{move,{x,0},{x,1}}.
    {move,{integer,1},{x,0}}.
    {call,2,{f,7}}.
    {move,{x,0},{x,1}}.
    {move,{integer,1},{x,0}}.
    {call_last,2,{f,7},0}.

The last-argument-chaining version has the extra move instruction to move from the return position in X0 to the last argument position in X1. But as I said before, this level of difference, probably won’t matter in real-life programs, since there are additional instruction-fusions and optimisations going on in the loader.

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Exactly my point. :slight_smile:

It only really matters on a tight looping/recursive function, where it did provide a sizable performance difference when I tested it long ago.

(Sent too soon, so edit:)
And I know the BEAM is register based, but when it executes it then it ran it as a stack (or the JIT did, one or the other…).

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The main drawback of piping with the first argument is that it conflicts with partial function application.

Partial function application is a very powerful tool, and should be more well-known within the Elixir community:

iex> [1,2,3] |> FunLand.map(Currying.curry(&+/2)) |> FunLand.apply_with([10, 11, 12])
[14, 15, 16, 15, 16, 17, 16, 17, 18, -6, -7, -8, -5, -6, -7, -4, -5, -6, 40, 44,
 48, 50, 55, 60, 60, 66, 72]
iex> import Currying
iex> [curry(&+/2), curry(&-/2), curry(&*/2)] |> FunLand.apply_with([4,5,6]) |> FunLand.apply_with([10,11,12])
[14, 15, 16, 15, 16, 17, 16, 17, 18, -6, -7, -8, -5, -6, -7, -4, -5, -6, 40, 44,
 48, 50, 55, 60, 60, 66, 72]
iex> maybe_num1 = FunLandic.Maybe.just(10)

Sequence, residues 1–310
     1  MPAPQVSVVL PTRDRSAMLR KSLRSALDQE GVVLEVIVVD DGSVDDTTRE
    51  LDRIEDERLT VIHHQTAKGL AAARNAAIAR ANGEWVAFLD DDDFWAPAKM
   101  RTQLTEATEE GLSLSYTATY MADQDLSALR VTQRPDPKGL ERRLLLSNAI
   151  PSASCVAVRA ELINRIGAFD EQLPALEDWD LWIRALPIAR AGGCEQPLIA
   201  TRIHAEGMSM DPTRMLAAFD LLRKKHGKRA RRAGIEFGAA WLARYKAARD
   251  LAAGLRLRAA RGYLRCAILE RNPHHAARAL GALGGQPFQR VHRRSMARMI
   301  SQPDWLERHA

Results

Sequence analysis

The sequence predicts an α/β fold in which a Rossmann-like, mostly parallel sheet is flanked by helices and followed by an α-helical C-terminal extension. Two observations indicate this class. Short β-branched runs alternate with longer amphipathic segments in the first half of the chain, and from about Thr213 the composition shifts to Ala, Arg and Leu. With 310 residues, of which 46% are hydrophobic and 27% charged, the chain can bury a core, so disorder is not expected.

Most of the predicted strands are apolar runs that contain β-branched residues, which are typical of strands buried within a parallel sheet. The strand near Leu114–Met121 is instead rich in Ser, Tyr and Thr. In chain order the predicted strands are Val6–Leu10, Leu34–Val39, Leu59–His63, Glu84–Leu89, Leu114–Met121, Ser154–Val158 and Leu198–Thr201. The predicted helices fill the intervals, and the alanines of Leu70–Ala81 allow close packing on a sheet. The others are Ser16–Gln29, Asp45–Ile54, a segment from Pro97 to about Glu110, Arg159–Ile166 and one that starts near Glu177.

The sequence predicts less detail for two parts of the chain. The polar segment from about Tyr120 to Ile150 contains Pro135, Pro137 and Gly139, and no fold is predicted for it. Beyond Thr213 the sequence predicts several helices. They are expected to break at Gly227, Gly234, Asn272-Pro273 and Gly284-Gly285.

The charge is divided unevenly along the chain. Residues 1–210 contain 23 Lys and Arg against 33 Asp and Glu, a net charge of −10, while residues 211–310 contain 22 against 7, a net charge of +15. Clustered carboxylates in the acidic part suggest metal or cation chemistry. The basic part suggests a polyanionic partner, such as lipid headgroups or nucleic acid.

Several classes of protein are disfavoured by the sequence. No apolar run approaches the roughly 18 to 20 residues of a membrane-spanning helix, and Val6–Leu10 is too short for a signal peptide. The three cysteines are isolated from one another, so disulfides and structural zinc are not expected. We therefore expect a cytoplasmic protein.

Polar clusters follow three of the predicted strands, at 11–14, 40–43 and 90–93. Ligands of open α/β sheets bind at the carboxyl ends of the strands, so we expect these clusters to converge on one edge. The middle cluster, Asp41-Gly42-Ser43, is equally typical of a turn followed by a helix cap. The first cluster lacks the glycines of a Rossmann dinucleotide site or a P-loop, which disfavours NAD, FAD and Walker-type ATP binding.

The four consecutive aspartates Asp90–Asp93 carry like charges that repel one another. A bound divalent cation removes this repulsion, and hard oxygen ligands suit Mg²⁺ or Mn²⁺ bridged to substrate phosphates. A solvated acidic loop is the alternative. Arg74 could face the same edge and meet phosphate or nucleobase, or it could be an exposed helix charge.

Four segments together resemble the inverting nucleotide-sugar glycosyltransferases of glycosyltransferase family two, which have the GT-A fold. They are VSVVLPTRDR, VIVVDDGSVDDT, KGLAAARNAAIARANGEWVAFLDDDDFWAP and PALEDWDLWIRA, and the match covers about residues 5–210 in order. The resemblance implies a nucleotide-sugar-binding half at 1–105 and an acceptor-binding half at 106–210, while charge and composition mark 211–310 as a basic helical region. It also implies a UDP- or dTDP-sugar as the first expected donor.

iex> maybe_num2 = FunLandic.Maybe.just(20)
iex> FunLand.map(maybe_num1, Currying.curry(&+/2)) |> FunLand.apply_with(maybe_num2)
FunLandic.Maybe.just(30)
iex> maybe_num2 = FunLandic.Maybe.nothing()
iex> FunLand.map(maybe_num1, Currying.curry(&+/2)) |> FunLand.apply_with(maybe_num2)
FunLandic.Maybe.nothing()

Partial function application (and its flip-side, currying) are very powerful functional programming techniques, but they have been unsupported by Erlang (probably because of its basis in Prolog, which is also where it obtained its ‘functions with different arities are different functions’ notion that is definitely related to this, from), the only possibility being to build a library-level wrapper around it that will not really be able to be optimized by the compiler.

(I know of two approaches:

  1. Create a macro that defines function clauses with less parameters given than required, that returns clauses to the higher-level function. This is what the curry library does. Main drawback: Impossible to use for functions with multiple clauses.
  2. Check the actual arity of the called function, and if the amount of supplied arguments is less, create a new anonymous function where the rest of the parameters could be passed in. This is what the Currying library does. (disclaimer: I wrote Currying)

)
Neither approach is probably very performant, as they are library-level constructs, rather than language-level.

That being said, Elixir’s & shorthand function syntax is a good alternative for most situations. (I don’t remember where, but José mentioned it as “Elixir’s best feature” somewhere. If he was jesting or serious, I do not know though :stuck_out_tongue_winking_eye:).

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I don’t remember saying that but probably jesting as I don’t consider it the best feature. :slight_smile:

In any case, currying was thrown out of the window when we decided to be fully compatible with Erlang (i.e. name/arity) and also due to its performance costs. Dynamic loading and lack of a static type system means it is hard to avoid creating intermediate lambdas - which makes currying expensive. For better or worse, it is an idiom that is unlikely to ever be first-class in Elixir.

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I still think there could be an Elixir-with-typing for that. ^.^